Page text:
The motives were plain. Bonn knew that the Palestinians craved international recognition. Any contact with West German representatives, even in secret, upgraded the PLO’s status as an institution. In return, the government of then Chancellor Willy Brandt and Vice-Chancellor Walter Scheel hoped to protect Germany from further attacks. But the price they had to pay in return appears to have been high.
Spirit of Appeasement
In the coming weeks, during events to mark the 40th anniversary of the attack, the question will once again be raised as to why the German courts never tried any of the perpetrators or backers of the Munich massacre. The documents that are now available suggest one answer in particular: West Germany didn’t want to call them to account.
In the first few weeks after the attack, German government offices in Bonn were imbued with a spirit of appeasement. From the Israeli perspective, it felt like a bitter irony of history that it involved Munich — a city that became a symbol of the Western powers’ appeasement of Hitler after the Munich Agreement permitting Nazi Germany’s annexation of the Sudetenland was signed there in 1938.
Although the Munich attack involved multiple murders, the language in the files oddly downplays what happened there. Then-Chancellor Brandt is quoted as saying that the Olympic massacre was a “crazy incident,” while Paul Frank, a state secretary in the Foreign Ministry, refers to it simply as the “events in Munich.” Diplomats and senior Interior Ministry officials upgraded the status of Black September by calling it a “resistance group” — as if its acts of terror had been directed against Hitler and not Israeli civilians.
At the Foreign Ministry, in particular, some officials were apparently very sympathetic to the Palestinians. Walter Nowak, the German ambassador to Lebanon, once told Abu Youssef that the Germans were a people “with a substantial number of refugees,” because of the fact that ethnic Germans had been expelled from parts of Central and Eastern Europe after World War II. (Nowak himself was born in Silesia, which is now part of Poland, back when it belonged to Germany.) This, he added, made them more understanding of the Palestinian situation than other nations.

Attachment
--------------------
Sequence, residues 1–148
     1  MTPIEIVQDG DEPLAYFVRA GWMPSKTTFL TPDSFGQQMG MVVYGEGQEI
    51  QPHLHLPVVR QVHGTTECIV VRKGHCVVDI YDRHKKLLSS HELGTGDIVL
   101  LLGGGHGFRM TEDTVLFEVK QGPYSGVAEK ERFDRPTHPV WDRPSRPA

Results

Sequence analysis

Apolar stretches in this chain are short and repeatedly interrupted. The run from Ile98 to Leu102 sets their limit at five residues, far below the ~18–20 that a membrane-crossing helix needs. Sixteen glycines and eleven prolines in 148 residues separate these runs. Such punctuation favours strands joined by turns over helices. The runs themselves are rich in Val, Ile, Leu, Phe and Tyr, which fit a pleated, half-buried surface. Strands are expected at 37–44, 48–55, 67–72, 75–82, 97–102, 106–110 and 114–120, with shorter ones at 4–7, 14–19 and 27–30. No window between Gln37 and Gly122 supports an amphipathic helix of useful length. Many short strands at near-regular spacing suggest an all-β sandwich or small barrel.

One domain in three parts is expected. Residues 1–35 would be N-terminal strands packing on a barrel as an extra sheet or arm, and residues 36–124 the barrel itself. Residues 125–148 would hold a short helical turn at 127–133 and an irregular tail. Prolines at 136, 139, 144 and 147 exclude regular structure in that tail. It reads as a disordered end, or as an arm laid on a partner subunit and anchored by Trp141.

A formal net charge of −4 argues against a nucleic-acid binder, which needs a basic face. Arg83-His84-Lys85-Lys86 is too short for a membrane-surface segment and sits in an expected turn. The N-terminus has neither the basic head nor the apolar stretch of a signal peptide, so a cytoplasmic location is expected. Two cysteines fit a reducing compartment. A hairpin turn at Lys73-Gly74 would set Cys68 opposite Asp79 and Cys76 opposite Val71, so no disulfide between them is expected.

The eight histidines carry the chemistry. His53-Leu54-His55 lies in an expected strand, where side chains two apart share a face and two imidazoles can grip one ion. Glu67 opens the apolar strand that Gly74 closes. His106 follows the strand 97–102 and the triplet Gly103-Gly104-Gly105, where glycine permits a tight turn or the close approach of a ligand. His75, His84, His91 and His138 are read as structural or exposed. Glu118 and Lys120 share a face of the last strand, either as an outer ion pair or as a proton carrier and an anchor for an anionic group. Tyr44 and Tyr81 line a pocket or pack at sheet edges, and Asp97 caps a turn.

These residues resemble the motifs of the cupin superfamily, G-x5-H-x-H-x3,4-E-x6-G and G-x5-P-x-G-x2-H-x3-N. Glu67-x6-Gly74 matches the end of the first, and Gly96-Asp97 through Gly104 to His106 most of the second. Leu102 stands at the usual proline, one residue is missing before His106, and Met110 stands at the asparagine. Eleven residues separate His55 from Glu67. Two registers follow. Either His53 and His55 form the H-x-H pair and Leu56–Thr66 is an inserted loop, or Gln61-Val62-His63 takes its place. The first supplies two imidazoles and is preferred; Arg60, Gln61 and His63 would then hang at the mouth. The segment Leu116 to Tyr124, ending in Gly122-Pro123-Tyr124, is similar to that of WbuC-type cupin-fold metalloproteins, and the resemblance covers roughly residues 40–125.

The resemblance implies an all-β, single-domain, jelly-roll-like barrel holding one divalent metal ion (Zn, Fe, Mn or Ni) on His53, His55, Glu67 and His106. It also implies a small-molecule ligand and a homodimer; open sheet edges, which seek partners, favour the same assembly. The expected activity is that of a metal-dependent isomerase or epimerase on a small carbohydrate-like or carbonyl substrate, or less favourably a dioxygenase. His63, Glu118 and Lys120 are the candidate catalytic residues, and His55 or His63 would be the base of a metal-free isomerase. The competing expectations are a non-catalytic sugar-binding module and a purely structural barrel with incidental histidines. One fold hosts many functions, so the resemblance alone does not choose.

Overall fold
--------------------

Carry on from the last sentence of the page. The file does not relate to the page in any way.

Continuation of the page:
A number of comments even create the impression that it wasn’t only Black September but also the Israelis who had committed murder in West Germany. According to speaking notes for Foreign Minister Scheel dated October 1972, the parties in the Middle East conflict had a tendency to take their disputes to noninvolved countries. It was up to Bonn to defend itself against such actions “by both sides of the conflict” (emphasis in the original).
‘The Munich Chapter Was Closed’
At the time, there were widespread fears of further attacks. The intelligence services regularly reported on plans to hijack German airliners. In most cases, they warned that hijackings could be used to secure the release of the three Olympic killers who had survived the firefight with the police in Fürstenfeldbruck.
And then, on Oct. 29, the warnings became reality. A group of PLO terrorists hijacked a Lufthansa flight en route to Frankfurt. The Bavarian state government immediately released the three prisoners, who were flown to Libya via Zagreb.
Paul Frank, the senior Foreign Ministry official, told the Libyan ambassador with relief that, from Germany’s standpoint, “the Munich chapter was closed” as a result of the release. The German government chose not to request the extradition of the three terrorists from Libya. In a memo to the Chancellery, Frank wrote: “We should be pleased that the whole thing has calmed down sufficiently.”